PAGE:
Another $52,000 in savings is proposed to come from personnel shifts within public works. Schwartze said Smith’s salary partially comes out of the parking enterprise fund and, as part of the shift, about $15,000 more will come from the enterprise fund rather than general revenue. The rest of the savings will be from the wastewater enterprise fund, which will be charged for work done by the engineering department on wastewater projects, Schwartze said.
The Police Department has about $121,000 in proposed cuts, mostly from overtime. On Friday, Capt. Doug Shoemaker said since the cuts are not finalized, he is unsure of how they will affect them “and predicting any impact may be premature and inaccurate on our part.”
But, in previous City Council meetings, Police Chief Roger Schroeder said the overtime cuts will be managed by using compensatory time instead.
“Of course, our primary purpose is community safety,” Schroeder said at a special City Council meeting Monday.
The Fire Department has $51,660 in proposed cuts, the largest of which comes from overtime. Interim Fire Chief Jason Turner said the proposed cuts are manageable through hard work and cooperation within the department. The $20,000 proposed cut to overtime is manageable, he said, and staff is working on plans to adjust to the cuts without affecting the quality of service provided.
“Our number one priority is, of course, providing the best service that we can to the community,” Turner said. “We’ll have to work harder internally.”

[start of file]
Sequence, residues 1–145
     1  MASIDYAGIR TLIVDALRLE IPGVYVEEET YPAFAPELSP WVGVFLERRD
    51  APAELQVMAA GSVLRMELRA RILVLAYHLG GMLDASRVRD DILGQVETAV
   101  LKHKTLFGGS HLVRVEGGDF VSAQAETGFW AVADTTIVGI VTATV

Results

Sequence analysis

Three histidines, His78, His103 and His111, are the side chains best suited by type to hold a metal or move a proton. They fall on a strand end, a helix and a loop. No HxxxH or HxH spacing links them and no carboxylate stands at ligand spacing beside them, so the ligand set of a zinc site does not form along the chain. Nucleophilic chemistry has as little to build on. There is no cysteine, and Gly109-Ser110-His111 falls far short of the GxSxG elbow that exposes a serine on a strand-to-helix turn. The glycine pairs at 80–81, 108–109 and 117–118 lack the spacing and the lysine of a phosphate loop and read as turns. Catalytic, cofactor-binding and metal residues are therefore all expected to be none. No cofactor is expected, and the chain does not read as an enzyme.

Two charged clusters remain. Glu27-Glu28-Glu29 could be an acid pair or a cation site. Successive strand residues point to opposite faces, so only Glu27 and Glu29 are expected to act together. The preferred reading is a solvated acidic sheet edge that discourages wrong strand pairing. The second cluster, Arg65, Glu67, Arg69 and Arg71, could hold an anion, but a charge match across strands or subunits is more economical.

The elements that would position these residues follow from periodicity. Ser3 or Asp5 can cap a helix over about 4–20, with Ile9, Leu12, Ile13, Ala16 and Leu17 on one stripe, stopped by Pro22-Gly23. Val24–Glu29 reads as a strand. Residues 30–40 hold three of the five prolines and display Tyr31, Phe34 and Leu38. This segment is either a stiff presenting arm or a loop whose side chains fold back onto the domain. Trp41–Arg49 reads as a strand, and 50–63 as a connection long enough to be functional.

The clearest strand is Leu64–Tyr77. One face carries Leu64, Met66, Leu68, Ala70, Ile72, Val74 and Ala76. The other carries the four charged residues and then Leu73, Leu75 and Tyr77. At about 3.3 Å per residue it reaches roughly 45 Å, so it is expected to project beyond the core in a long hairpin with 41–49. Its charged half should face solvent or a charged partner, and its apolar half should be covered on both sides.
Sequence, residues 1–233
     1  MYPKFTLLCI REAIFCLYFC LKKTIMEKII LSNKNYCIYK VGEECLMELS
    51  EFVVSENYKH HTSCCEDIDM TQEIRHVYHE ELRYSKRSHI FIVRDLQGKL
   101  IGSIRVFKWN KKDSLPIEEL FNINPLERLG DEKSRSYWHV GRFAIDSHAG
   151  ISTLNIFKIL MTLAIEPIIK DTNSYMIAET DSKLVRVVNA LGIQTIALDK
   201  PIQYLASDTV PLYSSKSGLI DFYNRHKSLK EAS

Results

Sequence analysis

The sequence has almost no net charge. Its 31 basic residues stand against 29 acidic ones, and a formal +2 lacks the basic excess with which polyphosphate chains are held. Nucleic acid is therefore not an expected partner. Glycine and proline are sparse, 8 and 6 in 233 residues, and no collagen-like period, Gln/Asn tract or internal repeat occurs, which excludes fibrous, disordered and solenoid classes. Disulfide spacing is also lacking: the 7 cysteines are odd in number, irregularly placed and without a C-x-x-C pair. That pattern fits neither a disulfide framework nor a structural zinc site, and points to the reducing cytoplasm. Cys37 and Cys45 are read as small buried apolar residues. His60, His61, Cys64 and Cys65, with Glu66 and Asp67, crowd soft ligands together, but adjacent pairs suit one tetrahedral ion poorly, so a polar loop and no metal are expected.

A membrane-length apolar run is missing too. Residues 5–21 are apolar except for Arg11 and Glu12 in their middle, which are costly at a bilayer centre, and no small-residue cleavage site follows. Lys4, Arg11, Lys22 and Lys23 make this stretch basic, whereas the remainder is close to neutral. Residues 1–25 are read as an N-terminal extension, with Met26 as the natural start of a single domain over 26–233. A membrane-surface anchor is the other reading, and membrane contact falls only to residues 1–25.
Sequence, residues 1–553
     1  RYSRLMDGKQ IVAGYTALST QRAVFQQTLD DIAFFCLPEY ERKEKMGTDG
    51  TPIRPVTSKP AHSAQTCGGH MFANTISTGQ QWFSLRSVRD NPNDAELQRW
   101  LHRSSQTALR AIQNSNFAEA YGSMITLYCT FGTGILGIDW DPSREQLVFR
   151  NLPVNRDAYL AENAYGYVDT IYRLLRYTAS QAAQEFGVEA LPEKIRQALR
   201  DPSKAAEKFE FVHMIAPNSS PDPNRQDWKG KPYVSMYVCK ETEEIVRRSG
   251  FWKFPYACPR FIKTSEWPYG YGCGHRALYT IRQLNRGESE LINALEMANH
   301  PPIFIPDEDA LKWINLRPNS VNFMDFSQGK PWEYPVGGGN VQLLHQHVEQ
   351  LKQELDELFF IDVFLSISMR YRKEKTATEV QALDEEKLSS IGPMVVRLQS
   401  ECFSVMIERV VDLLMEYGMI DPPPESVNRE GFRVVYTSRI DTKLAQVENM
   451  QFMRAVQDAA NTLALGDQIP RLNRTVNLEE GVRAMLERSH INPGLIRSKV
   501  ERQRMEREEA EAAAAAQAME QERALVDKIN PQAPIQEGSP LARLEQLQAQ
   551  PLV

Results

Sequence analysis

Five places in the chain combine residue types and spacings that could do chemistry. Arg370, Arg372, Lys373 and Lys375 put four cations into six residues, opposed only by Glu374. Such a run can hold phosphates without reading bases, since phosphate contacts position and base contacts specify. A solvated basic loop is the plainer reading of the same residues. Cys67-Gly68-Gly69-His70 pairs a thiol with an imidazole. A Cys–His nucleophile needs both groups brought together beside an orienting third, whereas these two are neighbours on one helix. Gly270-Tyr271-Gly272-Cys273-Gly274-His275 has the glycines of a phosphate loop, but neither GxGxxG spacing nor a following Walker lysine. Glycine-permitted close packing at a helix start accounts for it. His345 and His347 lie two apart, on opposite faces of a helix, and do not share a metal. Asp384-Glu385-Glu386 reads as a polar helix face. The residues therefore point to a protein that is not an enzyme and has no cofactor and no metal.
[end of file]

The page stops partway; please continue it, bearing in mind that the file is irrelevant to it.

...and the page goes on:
The department is looking at a proposed $10,000 cut to training and education, which Turner said won’t affect their attendance at summer fire school held locally. He said the department would work harder to find ways to train internally.
Other funding cuts
Some smaller proposed cuts include a $5,000 reduction in funding for Salute to America, which Nickolaus said is a great event the city supports. But when budgets must be cut, the city needs to look at what is most essential, he said. The Jefferson City Area Chamber of Commerce also is looking at a proposed cut in funding, with a $15,000 reduction in the contract for economic development with the city. “We tried to keep those cuts at a level where they could handle them,” Nickolaus said. Chamber President and CEO Randy Allen said he’s still unsure of how that cut will affect the chamber. “We’re just going to have to take a look at it,” Allen said. “All this surprised us.”
The proposed cuts also include $187,000 in vacancy savings from not filling open positions at City Hall, as well as $150,000 in savings from the early retirement program. In those cuts, and in others, Nickolaus said the city has tried to look at the most essential services and protect them to the greatest extent possible. But that doesn’t mean these cuts won’t be felt by the residents of Jefferson City.
“I think on some level they will feel it,” Nickolaus said.
The City Council is expected to approve the adjusted budget cuts at its regular meeting Monday.